bird sings with a fearful trill of things unknown but longed for still”. We
see the futility of it all, and yet we are immensely moved into feelings of
strong empathy and grief. The caged bird has been cast into a wretched,
inescapable lot yet his dreams are still there, no matter how tenuous and
impossible. In a way, we are also made to feel a sense of awe, amidst these
feelings of despondency and hopelessness, with the birds determination even
in the face of impossibility.

This feeling of saddened awe is intensified by the alliteration found in
the poem. The repetition and persistence of the letter “s” in “shadows
shouts on a nightmare scream” has the effect of creating a sense of steely
determination that does not weaken, despite the circumstances.

However, the rhyming of this poem has to be the most inspiring device that
the poet uses to fully evoke a contrasting feeling of hope. Each stanza
follows the rhyming scheme of AAAB (thrill, hill, shrill, freedom). The
rigidity of the first three lines in following a rhyming scheme signifies
the captivity of the bird. The rhyme seems to be like a chain, holding the
bird down to his dire circumstances. However, what is most poignant is the
last line, which goes unmatched and does not follow the previous rigid
rhyming scheme. This shows us how, perhaps, hope still survives. As long
the caged bird continues to sing and hope for freedom, hope can never be
entirely extinguished. The last line is like the light at the end of the
tunnel, the promise at the end of a dream.

In all, the poet has masterfully transfixed us into this poem, bringing
alive a myriad of feelings within us. This is something so beautiful, that
despite the disparity of it all, we can feel a sense of freedom. Just the
like the bird, we can be free to feel. And that, perhaps, is wonderful

jas from South Africa
Comment 65 of 550, added on November 4th, 2005 at 10:46 AM.

Cool site! I'll be back. The best condition in life is:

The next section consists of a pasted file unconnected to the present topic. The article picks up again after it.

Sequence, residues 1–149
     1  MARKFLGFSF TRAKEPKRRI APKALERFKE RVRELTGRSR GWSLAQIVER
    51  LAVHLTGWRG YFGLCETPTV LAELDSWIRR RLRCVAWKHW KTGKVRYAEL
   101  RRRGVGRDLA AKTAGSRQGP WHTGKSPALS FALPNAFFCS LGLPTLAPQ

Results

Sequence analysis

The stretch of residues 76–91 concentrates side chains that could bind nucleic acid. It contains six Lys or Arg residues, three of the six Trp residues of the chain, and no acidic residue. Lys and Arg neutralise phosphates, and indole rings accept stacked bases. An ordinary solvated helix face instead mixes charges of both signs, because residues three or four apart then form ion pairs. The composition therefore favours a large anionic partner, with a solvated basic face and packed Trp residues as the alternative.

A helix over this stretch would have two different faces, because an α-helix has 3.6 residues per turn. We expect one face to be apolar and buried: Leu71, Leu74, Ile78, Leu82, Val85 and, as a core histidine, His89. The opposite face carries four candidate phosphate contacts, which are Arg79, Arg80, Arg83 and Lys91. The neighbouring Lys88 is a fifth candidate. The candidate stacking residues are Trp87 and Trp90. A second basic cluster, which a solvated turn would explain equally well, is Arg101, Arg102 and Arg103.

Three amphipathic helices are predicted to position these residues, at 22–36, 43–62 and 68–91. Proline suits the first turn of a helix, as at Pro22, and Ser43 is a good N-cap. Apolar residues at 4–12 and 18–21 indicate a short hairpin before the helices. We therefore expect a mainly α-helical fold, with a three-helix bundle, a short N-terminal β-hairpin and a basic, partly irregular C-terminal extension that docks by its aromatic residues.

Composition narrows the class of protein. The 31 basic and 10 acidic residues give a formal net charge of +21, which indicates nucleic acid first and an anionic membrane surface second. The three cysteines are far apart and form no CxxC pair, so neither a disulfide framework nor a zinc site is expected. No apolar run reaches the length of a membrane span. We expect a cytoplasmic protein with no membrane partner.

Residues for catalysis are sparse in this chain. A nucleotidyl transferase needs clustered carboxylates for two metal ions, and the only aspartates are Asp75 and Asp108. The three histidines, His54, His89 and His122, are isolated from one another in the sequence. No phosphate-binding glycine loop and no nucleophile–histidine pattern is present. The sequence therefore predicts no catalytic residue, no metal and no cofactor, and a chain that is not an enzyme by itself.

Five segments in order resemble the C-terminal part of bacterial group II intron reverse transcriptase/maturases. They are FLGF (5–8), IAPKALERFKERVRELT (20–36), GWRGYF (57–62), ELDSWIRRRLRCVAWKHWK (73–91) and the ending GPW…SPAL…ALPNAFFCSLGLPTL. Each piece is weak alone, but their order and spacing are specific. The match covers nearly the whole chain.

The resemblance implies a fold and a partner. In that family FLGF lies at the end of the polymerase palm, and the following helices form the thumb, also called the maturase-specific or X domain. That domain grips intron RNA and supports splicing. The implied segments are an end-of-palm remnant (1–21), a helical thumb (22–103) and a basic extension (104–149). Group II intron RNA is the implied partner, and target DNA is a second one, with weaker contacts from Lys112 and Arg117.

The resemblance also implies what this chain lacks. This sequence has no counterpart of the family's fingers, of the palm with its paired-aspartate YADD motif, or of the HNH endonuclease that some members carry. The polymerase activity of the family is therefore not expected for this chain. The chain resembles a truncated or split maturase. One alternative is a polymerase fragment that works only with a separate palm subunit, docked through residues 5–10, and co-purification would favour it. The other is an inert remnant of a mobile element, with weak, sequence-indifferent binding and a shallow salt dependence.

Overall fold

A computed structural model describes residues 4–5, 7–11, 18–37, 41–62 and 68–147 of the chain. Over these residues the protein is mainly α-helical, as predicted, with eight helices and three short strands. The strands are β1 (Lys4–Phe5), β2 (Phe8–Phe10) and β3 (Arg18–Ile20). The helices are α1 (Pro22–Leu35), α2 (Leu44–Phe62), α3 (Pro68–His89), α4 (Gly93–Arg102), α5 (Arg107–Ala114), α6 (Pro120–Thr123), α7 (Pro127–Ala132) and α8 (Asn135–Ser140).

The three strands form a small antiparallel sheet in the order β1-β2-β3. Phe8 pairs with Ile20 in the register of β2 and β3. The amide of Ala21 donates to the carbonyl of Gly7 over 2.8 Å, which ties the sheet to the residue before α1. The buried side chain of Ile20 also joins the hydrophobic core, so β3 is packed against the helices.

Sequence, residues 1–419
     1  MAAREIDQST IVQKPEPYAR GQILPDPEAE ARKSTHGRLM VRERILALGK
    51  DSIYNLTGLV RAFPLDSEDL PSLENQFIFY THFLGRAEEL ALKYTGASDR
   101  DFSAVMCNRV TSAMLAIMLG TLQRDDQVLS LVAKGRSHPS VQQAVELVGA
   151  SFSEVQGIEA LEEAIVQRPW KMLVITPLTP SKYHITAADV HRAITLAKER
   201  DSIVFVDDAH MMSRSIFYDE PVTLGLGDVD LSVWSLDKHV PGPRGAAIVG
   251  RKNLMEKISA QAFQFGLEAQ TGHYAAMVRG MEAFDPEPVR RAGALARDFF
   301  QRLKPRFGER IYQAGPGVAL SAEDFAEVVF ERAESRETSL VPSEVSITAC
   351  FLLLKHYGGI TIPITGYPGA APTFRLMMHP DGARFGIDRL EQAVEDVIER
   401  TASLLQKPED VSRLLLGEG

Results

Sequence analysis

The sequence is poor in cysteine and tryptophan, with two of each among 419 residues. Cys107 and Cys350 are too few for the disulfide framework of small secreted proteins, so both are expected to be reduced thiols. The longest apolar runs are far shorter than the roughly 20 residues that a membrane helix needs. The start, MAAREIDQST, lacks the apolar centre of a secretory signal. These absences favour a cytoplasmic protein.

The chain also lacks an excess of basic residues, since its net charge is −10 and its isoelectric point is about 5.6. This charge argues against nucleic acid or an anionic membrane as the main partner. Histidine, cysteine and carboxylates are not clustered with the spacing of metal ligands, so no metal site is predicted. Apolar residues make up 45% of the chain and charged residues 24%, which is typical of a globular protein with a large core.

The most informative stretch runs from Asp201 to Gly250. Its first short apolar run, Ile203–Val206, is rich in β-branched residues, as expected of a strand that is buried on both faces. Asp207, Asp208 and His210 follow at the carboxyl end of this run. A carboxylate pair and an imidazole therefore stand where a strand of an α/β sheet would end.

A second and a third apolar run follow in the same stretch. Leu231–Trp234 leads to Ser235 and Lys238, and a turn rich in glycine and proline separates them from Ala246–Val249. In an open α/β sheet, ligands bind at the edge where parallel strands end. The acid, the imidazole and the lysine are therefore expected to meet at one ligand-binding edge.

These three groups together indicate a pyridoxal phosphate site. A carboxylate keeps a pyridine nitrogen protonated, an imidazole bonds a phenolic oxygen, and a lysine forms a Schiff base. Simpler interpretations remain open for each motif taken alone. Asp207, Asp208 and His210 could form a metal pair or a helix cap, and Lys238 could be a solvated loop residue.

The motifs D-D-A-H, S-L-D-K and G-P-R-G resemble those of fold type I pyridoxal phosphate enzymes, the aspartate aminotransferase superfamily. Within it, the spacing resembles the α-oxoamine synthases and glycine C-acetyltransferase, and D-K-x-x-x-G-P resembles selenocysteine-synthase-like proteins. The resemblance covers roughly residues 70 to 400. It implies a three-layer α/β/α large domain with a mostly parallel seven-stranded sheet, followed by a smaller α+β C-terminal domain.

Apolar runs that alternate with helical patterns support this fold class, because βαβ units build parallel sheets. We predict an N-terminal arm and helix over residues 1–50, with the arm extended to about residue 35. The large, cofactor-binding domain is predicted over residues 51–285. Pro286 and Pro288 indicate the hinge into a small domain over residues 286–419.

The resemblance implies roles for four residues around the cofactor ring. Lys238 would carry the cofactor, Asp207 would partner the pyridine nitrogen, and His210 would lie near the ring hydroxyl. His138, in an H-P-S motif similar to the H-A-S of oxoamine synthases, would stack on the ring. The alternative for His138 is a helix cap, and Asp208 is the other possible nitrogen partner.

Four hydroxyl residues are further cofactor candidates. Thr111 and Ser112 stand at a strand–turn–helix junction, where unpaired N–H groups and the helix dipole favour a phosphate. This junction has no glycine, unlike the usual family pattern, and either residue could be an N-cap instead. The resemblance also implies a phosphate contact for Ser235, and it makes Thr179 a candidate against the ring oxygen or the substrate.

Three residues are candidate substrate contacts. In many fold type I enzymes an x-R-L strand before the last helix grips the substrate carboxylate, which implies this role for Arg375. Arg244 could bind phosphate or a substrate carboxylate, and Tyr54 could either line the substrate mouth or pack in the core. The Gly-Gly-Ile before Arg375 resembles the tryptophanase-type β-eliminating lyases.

http://www.useful-information.info/quotations/life-quotes.html , we elected
them , Discontent makes rich men poor

Luis Clark from USA
Comment 64 of 550, added on November 2nd, 2005 at 5:28 PM.

Maya is one of the best poets with the use of symbolism. In the political
view of this poem, you can see her informal protest of slavery. her suttle
words such as rage and sighing trees show the big difference in lives of
the birds. I would reccommend this poem to anyone looking for something
with sybolism.

Casondra from Sweden
Comment 63 of 550, added on November 1st, 2005 at 9:29 AM.

I think the line breaks are wrong in this version of the poem. Check out
other versions of it.

Karen from Canada
Comment 62 of 550, added on October 25th, 2005 at 2:47 PM.

this poem is beautiful. I have done reports on her poems and she is
amazing! i'm glad that i found this poem. :-)

chavon bodnar from United States
Comment 61 of 550, added on October 20th, 2005 at 8:56 PM.

This poes is very interesting. Its about freedom and the will to be
free.if you read the poem and analized good this poem is kind of sad.
because the cage bird can not be free. its a cool poem.

carolina valenzo from Canada

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Information about I know why the caged bird sings

Poet: Maya Angelou
Poem: I know why the caged bird sings
Added: Feb 27 2004
Viewed: 548 times
Poem of the Day: May 8 2007